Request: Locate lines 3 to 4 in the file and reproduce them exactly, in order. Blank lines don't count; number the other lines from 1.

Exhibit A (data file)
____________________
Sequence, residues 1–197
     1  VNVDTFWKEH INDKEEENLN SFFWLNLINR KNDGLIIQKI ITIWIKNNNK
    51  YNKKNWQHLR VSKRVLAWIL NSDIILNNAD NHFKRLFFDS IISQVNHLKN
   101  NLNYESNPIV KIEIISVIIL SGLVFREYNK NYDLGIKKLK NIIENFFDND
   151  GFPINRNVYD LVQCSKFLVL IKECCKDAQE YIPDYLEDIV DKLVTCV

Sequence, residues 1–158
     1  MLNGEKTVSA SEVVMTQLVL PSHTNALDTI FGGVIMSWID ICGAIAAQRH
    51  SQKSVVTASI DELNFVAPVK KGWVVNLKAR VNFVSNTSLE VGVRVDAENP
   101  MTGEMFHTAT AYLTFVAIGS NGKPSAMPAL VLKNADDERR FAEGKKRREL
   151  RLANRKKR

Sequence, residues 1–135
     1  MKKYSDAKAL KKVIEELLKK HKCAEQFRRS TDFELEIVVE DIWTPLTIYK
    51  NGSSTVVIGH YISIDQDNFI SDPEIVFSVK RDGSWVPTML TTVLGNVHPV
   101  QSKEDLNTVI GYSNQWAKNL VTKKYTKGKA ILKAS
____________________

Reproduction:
    51  YNKKNWQHLR VSKRVLAWIL NSDIILNNAD NHFKRLFFDS IISQVNHLKN
   101  NLNYESNPIV KIEIISVIIL SGLVFREYNK NYDLGIKKLK NIIENFFDND